The mainstay of distinction between prepubertal girls and girls who are suspected of having central precocious puberty (CPP) is based on gonadotropin measurements after a GnRH stimulation test to evaluate hypothalamic–pituitary–gonadal axis maturity. The objective of this study was to determine whether a single basal gonadotropin measurement carries a useful predictive value in verifying or refuting the diagnosis of CPP.
Design and methods
Basal serum LH and FSH were measured by a chemiluminescent immunometric assay in a cohort of girls who had been evaluated for CPP before and after GnRH stimulation test. Peak LH levels higher than 5 IU/l were considered a pubertal response.
Eighty girls with suspected breast development before 8 years of age were enrolled to the study, out of whom 42 had CPP.
Low basal serum LH (≤0.1 IU/l) was sufficient to rule out the diagnosis of CPP in 94.7% of the 38 prepubertal girls; the sensitivity of basal LH levels for this purpose was only 64%. The basal FSH and the basal LH to FSH ratio achieved less efficient predictive value with 76 and 71% sensitivity and 73 and 86% specificity respectively.
A single basal LH measurement may be adequate to confirm but not to refute the presence of CPP in most of the girls who are evaluated for early pubertal signs.
Precocious puberty is a phenomenon defined as development of pubertal signs before 8 years in girls and 9 years in boys. The signs include breast development, pubic hair, and menarche in girls, and genital enlargement and pubic hair in boys. The characteristics of puberty are normal but occur at a chronologically earlier age than expected.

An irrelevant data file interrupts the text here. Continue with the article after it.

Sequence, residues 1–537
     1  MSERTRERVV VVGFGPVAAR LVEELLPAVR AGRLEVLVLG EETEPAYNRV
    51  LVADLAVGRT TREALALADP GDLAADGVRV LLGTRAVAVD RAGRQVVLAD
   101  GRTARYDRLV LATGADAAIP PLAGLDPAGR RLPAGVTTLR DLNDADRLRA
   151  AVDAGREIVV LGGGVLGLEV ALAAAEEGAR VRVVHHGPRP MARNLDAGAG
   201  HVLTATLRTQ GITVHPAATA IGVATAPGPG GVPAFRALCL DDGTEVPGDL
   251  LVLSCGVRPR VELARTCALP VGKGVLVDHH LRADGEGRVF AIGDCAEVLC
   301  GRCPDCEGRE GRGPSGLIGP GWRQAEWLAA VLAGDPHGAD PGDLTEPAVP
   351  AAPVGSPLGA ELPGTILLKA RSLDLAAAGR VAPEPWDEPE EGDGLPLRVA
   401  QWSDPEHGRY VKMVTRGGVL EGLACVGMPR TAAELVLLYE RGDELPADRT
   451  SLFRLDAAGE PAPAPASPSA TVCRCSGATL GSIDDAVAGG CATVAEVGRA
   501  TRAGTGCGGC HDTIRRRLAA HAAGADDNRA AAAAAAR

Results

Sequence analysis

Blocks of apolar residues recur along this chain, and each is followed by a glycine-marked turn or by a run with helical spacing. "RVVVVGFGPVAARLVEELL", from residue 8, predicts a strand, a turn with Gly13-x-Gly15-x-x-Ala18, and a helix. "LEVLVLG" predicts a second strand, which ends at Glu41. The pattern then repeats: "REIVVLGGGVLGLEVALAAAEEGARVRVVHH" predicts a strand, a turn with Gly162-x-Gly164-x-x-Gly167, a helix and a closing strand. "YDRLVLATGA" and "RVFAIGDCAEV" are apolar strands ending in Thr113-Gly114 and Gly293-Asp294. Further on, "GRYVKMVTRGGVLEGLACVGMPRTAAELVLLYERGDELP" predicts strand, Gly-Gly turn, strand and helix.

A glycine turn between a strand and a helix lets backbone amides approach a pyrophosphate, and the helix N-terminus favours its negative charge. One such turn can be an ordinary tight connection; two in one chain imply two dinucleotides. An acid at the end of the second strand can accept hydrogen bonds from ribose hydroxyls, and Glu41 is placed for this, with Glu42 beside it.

The causes of precocious puberty divide into either central or peripheral mechanisms. Central precocious puberty (CPP) is a precocious puberty caused by the hypothalamic–pituitary–gonadal (HPG) axis activation. The phenomenon is much more common in girls than in boys (1, 2).
During normal puberty, inhibitory mechanisms affecting pulsatile GnRH secretion decline, which leads to increased pulsatile LH and FSH secretion. Pubertal LH secretion is characterized by high levels of peak LH secretion, first at night and later during the day. This secretion leads to higher levels of sex hormones in pubertal than in prepubertal subjects, and eventually to the appearance of pubertal signs and accelerated growth (3).
The diagnosis of CPP is done by documentation of an activated HPG axis in a child younger than normal pubertal age. Since there is a technical difficulty measuring GnRH levels directly, the diagnosis is focused at identifying pubertal serum levels of gonadotropins (LH and FSH) and sex hormones (1, 3). The standard method to verify HPG activity is the gonadotropin response to GnRH (4), or GnRH analog (GnRHa) administration (5).
With the development of newer and more sensitive immunoassays measuring serum gonadotropins, it was hypothesized that measuring basal gonadotropins will allow discrimination between pubertal and prepubertal values in the diagnosis of CPP. Lee et al. (6) used third generation assays (Architect and Delfia) for measuring basal serum LH levels in a small group of girls (n=55, 21 of whom were diagnosed as CPP) who were evaluated for clinical suspicion of CPP, and found that in most of the cases this single measurement was sufficient for the diagnosis of CPP.
Using a larger group of girls and a single different chemiluminescent assay, Immulite 2000, we hypothesized that a single basal gonadotropin measurement will be sufficient to distinguish the pubertal from prepubertal HPG axis in most cases. In this report, basal serum levels of LH and FSH were evaluated in patients for whom the diagnosis of CPP was verified or refuted using the current method of LH response to GnRH stimulation consistent with clinical signs of progressive pubertal development, accelerated growth rate, and skeletal bone age advancement. Using this method as the gold standard, the prognostic value of single basal gonadotropin levels for diagnosis of CPP was examined.
Subjects and methods